Man Getting Hit By Football: Week Five

Sad parking lots, the joys of Russell Wilson running around terrified, and a children's book called J.J. Watt The Patriotic Violence Mountain.
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Illustration by Brad Beatson.

Buffalo (+3.5) at Cleveland

I’d like to start off what I hope will be a special all-optimism-and-sunshine edition of this column by saying that I’m looking forward to this game. The names Buffalo Bills and Cleveland Browns conjure up images of factories rusting in snow and large men of Central European descent drinking slowly all day in a dark bar and speaking wistfully of the union their fathers built, the things they made and the world that built; of fans shuffling out of a stadium into an endless parking lot of cracked asphalt, expressing fond stubborn hopes for next year and maybe vomiting; of a man with a limp staring out at an empty, poorly maintained football field and imagining what could have been. And, you know, fair enough. There is that.

But in 2013, both these teams are a defiantly mediocre 2-2, and though they’re probably not going to make the playoffs, neither are they the subject of hometown newspaper columns with titles like “Something Smells Foul on the Cuyahoga River” and “Hello This Is the Guy Who Writes About the Buffalo Bills. They Need to Get Better and Probably Fire Their Coach, but Please Think Up a Better Headline, Mr. Copyeditor.”

The Browns have what looks a lot like a legitimately good defense and have found a quarterback who doesn’t fall down for no reason and hasn’t thrown four picks in a game yet. Which means everyone is happy -- well, except for poor demoted Brandon Weeden -- or as close to happy as Browns fans get. The Bills, for their part, are stocked with a bunch of storyline-ready characters: an exciting but erratic rookie quarterback; a talented rookie middle linebacker; the apparently great C.J. Spiller, who exists only in fantasy football football leagues and injury reports; and Fred Jackson, who is 52 years old and works as a roofer in the offseason. These aren’t the best football teams in the world, but they’re something like the 17th and 18th best teams in the world—all of those big guys running on the field are really really good at what they do, and we get to watch them. So that’s pretty cool.

PICK: Buffalo

Kansas City (-2.5) at Tennessee

Also cool: Jake Locker, who got a hip injury so painful he had to get carted off the field in the Titans’ last game, isn’t going to need surgery. There are countless sites showing a .GIF of Locker getting struck in the hip by a massive lineman, going down to the turf, and clutching his leg while writhing in pain, but who wants to see that? In this optimistic incarnation of this column, we prefer to remember Jake in happier, more mobile days:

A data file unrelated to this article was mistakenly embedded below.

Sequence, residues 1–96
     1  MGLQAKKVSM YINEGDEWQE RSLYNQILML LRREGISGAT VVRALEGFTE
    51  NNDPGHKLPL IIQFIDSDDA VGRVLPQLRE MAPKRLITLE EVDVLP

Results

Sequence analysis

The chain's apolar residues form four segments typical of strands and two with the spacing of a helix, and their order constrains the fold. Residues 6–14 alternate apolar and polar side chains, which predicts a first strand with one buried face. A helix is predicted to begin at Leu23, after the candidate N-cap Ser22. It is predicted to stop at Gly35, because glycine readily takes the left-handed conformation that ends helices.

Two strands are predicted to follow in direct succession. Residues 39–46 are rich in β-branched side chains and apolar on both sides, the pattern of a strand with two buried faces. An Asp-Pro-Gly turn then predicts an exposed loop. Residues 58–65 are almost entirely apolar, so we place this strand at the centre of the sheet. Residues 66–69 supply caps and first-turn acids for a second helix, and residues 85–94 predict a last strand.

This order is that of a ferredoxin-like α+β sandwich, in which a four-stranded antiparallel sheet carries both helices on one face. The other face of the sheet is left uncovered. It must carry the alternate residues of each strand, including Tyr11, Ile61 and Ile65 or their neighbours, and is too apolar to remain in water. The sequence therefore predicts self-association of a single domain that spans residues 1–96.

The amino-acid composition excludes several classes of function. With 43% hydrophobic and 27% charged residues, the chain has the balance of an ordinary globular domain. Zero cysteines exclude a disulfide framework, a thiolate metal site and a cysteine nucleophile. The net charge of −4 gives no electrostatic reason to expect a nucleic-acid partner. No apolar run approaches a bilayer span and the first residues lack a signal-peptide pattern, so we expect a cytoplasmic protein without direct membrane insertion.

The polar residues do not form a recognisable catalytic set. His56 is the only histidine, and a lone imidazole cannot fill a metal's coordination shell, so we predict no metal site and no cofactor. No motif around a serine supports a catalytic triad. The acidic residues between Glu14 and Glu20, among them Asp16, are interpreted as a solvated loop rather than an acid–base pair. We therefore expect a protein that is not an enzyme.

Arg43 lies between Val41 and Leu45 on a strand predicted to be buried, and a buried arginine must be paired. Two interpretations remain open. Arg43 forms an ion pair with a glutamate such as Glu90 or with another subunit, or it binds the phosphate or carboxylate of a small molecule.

PICK: Kansas City

New England (+2) at Cincinnati

Seen from the outside, the Patriots operation can seem a little grim—a football factory of interchangeable silver-helmeted parts presided over by a shriveled shell of a man who also happens to be one of the best coaches of all time. Winning seems to give them little joy, losing just makes Tom Brady snarl. But also most all NFL teams are joyless factories; the difference is Bill Belichick’s actually works.

It’s gone on working despite all the player turnover this year, and it’s worked this year while some of the machine’s best pieces have been sidelined by hamstring sprains and broken bones and surgeries and being put on trial for murder. Vince Wilfork, who’s been the massive centerpiece of the team’s defense for a decade, is now out for the season with a torn Achilles, but I still have a weird amount of faith in the Patriot machine and the hateful coach driving it. You don’t have to love or even like a factory to know that it makes something that works.

PICK: Cincinnati

Seattle (-2.5) at Indianapolis

Russell Wilson may be the most entertaining player in the NFL, mostly because he’s seemingly always half a second away from disaster. In Week 4, playing behind a banged-up offensive line against a defense led by J.J. Watt, whose existence answers the age-old question, “What if a mountain came to life and was both patriotic and angry?”, Wilson usually played the role of a small man running from much larger men. A lot of the time, those men caught up to him (he was sacked four times), but more often, he took off down the field, running with purpose but also running in a slightly panicky way, like, Oh, hey, there are a bunch of dudes behind me trying to hurt me. On the Seahawks’ long fourth-quarter drive against the Texans, Wilson threw for 46 yards and ran for 53 more, but if you counted up all the scrambling that took him sideways and even backwards, always away from the huge men, he probably ran the full length of the field. It must be frustrating to play against him when he turns a potential 15-yard loss into a first down, but it’s throat-clenchingly thrilling to watch.

PICK: Seattle

Baltimore (+3) at Miami